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Working with Harsh Shadows and Light

June 22, 2017

I recently organized a photo shoot at a restored vintage gas station featuring 12 models, 8 cars (classics and street rods), and 8 photographers.  This was my first time running this type of event, and as you have most likely noticed a bit of a departure from my typical subject matter.

 

Naturally, the day of the shoot, the temperature was forecast to be in the low 90's, and very sunny.  This made from some very challenging shooting conditions.  Let's look at one of the photos taken during the shoot.

Right away, we can see that the light was very harsh, and the shadows are a bit overwhelming to say the least.  

 

Using Lightroom, the first step is to make some global adjustments, and to do some cropping. The first thing I do is set the black and white points.  This is accomplished by holding down the shift key and double clicking on the label for the white and black slider.  I then make some adjustments for shadows, highlights and contrast.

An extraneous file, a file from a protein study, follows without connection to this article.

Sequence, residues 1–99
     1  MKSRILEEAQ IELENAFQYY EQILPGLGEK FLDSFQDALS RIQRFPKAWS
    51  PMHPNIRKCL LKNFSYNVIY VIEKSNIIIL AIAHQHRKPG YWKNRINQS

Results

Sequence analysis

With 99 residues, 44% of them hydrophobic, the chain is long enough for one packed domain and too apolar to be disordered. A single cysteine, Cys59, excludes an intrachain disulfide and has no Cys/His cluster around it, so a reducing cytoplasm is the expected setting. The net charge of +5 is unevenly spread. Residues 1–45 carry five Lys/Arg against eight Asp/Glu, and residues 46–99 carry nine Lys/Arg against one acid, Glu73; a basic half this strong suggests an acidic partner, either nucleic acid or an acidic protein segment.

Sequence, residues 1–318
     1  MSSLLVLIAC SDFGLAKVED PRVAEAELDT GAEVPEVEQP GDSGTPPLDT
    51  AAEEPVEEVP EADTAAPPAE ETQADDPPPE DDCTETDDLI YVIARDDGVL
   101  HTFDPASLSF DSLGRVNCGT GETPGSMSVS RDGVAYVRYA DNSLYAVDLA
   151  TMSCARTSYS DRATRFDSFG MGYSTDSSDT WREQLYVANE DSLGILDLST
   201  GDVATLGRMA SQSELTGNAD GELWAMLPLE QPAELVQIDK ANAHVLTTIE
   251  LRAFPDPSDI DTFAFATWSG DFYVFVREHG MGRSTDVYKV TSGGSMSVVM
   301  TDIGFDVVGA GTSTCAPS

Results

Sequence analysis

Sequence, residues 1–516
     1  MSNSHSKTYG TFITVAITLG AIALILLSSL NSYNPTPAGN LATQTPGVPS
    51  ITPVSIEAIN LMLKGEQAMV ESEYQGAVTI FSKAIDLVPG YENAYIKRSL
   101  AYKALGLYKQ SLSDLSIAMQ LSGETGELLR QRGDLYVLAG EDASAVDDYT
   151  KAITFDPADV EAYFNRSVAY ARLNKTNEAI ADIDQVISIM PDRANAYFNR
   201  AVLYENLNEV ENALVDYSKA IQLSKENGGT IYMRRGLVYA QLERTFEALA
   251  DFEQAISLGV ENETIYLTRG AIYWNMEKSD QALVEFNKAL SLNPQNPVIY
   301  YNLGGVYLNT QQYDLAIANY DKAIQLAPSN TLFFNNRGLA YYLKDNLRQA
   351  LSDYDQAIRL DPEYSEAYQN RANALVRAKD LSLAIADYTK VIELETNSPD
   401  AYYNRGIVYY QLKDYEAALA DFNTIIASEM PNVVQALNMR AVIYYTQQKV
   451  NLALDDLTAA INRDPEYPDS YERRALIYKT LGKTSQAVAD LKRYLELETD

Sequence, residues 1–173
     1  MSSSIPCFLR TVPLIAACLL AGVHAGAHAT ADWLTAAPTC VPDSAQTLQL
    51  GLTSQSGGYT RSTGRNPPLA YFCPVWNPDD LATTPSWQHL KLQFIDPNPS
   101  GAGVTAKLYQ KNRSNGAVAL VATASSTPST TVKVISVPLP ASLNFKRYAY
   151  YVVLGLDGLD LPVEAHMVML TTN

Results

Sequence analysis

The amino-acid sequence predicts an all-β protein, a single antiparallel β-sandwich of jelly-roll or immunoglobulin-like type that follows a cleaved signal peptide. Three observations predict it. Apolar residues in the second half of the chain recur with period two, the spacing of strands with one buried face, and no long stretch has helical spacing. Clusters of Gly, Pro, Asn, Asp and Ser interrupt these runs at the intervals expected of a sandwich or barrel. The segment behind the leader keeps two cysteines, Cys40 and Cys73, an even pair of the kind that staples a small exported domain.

This is looking a little better, but we still need to balance out the lighting a little more.  The brush tool in Lightroom can be used like an airbrush by controlling the flow value.  I prefer to set the flow value to 30. I was told once that this means that only 30% of the effect will be applied per brush stroke.  That would mean with 4 brush strokes I would have the full effect.  In reality, it seems to take about 6.

 

I first lighten up the shadows by moving the shadows slider all the way to the right.  I can then add multiple brush strokes to an area that I want to lighten thereby controlling the amount that I bring the shadows up.

I then add a new brush and do the same thing with the highlights, except now I also bring down the whites.

Next, we need to warm up the image.  For this, I prefer to use Nik Color Efex Pro.  Sadly, Google has announced that they are no longer supporting the Nik software applications and at some point it will most likely no longer run.  

For this image, the light was so bright that I chose to apply a value of 30% warmth.  Now the image is ready for a portrait editing application.  I have tried several, but prefer Anthropics Portrait Pro.  I feel this program gives me the control I want with things like skin texture, teeth and eye whitening, lighting, etc. 

 

One of the big advantages is that Portrait Pro also smooths out the transition from shadow to light.  The end result is:

If you enjoyed this article, please feel free to share it with others.  Also, if you would like to learn more, sign up for one of our classes or workshops.  More information can be found in the course catalog.

 

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